Highschool graduation: some people have been looking forward to this day since their first day of kindergarten. Suddenly, the past four years of ups and downs, sleep-deprivation, dances, rallies, football games, and musicals come to a grinding halt. Graduation snuck up on you. Somewhere - in the midst of college applications, rejections, and acceptances - school administration decided that you were prepared to enter the world. Only this time you weren’t kicking and screaming (or maybe you were, no judgment), this time, you had Algebra 2 in your back pocket, as well as the ability to ask where the bathroom is in the language of your choosing. This time, after months of planning your future and figuring out what you wanted to do with your life, the ball of responsibility and choices was in your court.
I couldn’t help but feel like a 5-year-old when I put on my black cap and gown. The only things missing from this game of dress-up were sparkly purple fairy wings and maybe some cowboy boots, just to throw people off. Despite numerous talks with my guidance counselor, trusted teachers, family, friends, and anybody else who cared enough to listen, it still felt like a dream. I’m not ready for college, I thought, I don’t even do my own laundry!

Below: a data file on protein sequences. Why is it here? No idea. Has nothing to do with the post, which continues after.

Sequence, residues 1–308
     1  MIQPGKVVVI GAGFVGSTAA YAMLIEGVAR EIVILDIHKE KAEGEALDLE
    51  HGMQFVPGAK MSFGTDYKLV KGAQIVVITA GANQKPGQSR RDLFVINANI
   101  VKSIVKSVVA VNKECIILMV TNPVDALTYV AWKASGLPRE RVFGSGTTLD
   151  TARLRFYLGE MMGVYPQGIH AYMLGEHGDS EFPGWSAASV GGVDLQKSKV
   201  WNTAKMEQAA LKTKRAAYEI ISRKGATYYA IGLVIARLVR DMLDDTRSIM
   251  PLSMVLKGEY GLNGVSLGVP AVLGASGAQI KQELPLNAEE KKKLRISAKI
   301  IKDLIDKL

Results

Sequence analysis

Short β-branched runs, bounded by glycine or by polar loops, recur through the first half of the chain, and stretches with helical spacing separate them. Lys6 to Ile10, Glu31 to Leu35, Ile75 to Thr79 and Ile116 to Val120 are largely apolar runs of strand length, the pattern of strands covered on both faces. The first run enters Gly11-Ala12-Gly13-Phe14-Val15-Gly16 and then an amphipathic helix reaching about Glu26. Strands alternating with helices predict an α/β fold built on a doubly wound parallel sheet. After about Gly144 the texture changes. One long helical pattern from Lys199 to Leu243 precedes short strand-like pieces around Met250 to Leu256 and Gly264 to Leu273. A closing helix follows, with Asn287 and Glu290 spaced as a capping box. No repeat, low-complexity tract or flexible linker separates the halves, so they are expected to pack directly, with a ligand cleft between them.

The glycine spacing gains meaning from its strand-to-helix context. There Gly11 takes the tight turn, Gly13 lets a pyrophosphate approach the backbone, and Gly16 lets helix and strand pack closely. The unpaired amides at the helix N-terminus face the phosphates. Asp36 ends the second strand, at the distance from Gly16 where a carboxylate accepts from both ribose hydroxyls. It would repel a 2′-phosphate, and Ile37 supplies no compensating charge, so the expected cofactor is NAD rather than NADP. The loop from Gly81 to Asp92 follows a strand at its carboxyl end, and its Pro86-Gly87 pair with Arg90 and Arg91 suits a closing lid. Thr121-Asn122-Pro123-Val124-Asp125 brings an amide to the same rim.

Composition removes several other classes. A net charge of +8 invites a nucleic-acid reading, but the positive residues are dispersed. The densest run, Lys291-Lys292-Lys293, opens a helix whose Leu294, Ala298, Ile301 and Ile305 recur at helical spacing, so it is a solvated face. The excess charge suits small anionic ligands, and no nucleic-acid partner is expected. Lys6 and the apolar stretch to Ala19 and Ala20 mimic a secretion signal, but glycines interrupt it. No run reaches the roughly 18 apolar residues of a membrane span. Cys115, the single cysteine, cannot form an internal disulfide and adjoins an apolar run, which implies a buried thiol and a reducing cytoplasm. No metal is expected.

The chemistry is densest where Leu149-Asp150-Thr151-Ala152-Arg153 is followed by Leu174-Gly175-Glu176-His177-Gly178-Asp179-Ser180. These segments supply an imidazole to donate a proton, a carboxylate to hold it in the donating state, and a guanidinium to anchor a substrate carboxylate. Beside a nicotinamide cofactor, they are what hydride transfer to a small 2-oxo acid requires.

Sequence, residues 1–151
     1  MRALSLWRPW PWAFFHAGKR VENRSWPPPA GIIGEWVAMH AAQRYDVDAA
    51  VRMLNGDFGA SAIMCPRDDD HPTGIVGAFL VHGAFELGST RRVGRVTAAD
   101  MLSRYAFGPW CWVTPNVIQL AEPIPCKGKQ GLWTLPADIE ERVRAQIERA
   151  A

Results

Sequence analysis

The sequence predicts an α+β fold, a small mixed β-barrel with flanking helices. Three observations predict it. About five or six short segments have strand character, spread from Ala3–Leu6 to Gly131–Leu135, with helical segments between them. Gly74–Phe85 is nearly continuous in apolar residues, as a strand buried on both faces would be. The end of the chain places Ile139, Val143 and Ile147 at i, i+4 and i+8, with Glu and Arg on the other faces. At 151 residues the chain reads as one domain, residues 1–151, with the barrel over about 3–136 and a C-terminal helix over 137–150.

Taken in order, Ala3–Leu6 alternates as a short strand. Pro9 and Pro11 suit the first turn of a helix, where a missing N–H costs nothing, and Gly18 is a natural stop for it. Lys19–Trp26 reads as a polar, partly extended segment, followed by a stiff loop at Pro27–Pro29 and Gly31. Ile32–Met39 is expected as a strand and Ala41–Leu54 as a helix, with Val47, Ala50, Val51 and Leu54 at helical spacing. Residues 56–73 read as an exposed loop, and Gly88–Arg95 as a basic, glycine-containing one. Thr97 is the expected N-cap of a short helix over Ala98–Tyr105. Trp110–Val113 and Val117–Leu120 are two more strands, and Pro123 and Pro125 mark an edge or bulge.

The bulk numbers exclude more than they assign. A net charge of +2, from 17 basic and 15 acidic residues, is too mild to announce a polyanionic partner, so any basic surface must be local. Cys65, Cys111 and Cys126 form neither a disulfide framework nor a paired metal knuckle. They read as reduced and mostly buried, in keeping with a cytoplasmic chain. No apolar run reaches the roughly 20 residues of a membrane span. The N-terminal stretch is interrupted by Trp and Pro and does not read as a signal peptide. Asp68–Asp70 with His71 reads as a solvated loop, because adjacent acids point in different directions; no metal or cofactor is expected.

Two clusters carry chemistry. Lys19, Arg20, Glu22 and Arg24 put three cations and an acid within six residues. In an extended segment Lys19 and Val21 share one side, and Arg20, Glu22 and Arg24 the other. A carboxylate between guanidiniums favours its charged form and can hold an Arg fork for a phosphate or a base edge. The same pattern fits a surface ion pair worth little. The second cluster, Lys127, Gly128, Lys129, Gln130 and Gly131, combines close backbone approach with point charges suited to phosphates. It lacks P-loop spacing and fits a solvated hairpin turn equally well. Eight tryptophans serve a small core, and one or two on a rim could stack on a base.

Almost a month later, it still doesn’t feel real. In three month’s time, I’ll be unpacking and moving into a new home with a new friend in a new city at a new school. Change has never been easy. That’s not to say I’m not thrilled… just conflicted. I find myself saying, “I’m pumped to go to college, but I’m nervous about leaving home.” While I’m beyond excited to start over and make new friends and explore the adorable city that is San Luis Obispo, I’m also scared to leave old friends behind and be more independent than I’ve ever been.
Never, in a million years, did I think I would be anything but ecstatic to leave the crooked roads and steep hills of my hometown behind, but here I am dreading my friends’ departures, my last trip to my favorite local shop, and my last home-cooked meal for a while. Sure, I’ll come back, but when I do, I’ll have a different home to go back to. I know that I’ll love Cal Poly; I’ve been there twice in the last month and I’m obsessed. I can’t wait to make Cal Poly my new home, I just don’t want to leave my current home behind in the process.
The only way I’ve come to accept these conflicting feelings is to understand that my fear of leaving home will never diminish how excited I am to start over at college just as my jump into new territory doesn’t mean I don’t love where I came from. I will never not want my mom’s cooking, but sometimes over-saturated ramen is what I’ll need.